In many versions, apples and honey connect Cinderella with the Song of Songs and with the temple rituals of the sacred marriage. Inanna “knelt by the sacred apple tree” in the marriage ritual of Sumer. (12)  In Greece, the golden apples of the Hesperides were Hera’s gift, bestowing eternal life. In the Song of Songs there is the passage: “As the apple trees among the trees of the wood, so is my beloved among the sons”. (Song of Songs 2:3) In one version of Cinderella, an apple tree takes the place of the fairy God-mother and shakes down from its branches the beautiful dresses which Cinderella wears to the ball. Cinderella, talking to the tree in another version, says:

          Little gold apple tree
          With my vase of gold have I watered thee
          With my spade of gold have I digged thy mould
          Give me your lovely clothes I pray
          And take my ugly rags away.

Honey has been associated as far back as Sumer with the sacred marriage ritual and in Crete with the gift of insight or prophecy, and the revelation of the invisible dimension behind the forms of life. (13) It is perhaps the most ancient symbol of Wisdom and Truth, belonging specifically to the rituals associated with the mysteries of creation and regeneration.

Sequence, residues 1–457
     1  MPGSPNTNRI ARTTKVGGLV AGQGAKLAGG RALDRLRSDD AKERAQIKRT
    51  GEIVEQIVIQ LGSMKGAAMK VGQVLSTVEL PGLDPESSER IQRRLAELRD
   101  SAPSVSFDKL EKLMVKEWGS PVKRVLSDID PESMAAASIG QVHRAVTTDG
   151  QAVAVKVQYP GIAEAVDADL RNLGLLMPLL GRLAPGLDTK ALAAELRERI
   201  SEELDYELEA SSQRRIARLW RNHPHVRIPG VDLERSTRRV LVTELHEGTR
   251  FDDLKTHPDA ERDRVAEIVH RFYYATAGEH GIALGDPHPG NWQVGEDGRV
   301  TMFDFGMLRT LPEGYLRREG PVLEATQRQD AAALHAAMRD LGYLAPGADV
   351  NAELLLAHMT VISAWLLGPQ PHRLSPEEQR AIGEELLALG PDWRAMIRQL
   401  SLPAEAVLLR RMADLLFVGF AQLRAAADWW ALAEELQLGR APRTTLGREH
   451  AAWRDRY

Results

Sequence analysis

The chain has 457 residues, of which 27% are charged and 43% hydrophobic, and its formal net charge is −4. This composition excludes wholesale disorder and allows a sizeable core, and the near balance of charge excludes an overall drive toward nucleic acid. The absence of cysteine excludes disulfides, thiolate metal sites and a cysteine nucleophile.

The fairy God-mother can be recognized as the Mother Goddess of the pre-Patriarchal, pre-Christian past. In relation to Gnostic myth, she personifies Wisdom herself who, as the Mother Sophia, comes to the rescue of her daughter, as Demeter comes to the rescue of Persephone. Cinderella, like the daughter Sophia, is the ‘image’ of her beautiful mother. As the Mother Sophia sends Christ, her son, to help his sister, so the fairy God-mother arranges everything so that the prince will fall in love with her ‘daughter’, the human soul, and rescue her from a life of drudgery and misery. She is variously described as Queen with a star on her brow which connects here with Ishtar and Astarte; a cow with golden horns which recalls Inanna-Ishtar and Isis-Hathor; a wise old woman; a mermaid or a sea-serpent who lives in the abyss, which evokes the Babylonian Tiamat and the Sumerian primordial serpent goddess Nammu. In Brazil she was called “Donna Labismina”. Cinderella herself is often called Mara, Maria, or Mariucella, all derived from the root mare, which means sea; and the sea whose distilled essence is the salt of Wisdom, is one of the perennial images of the soul.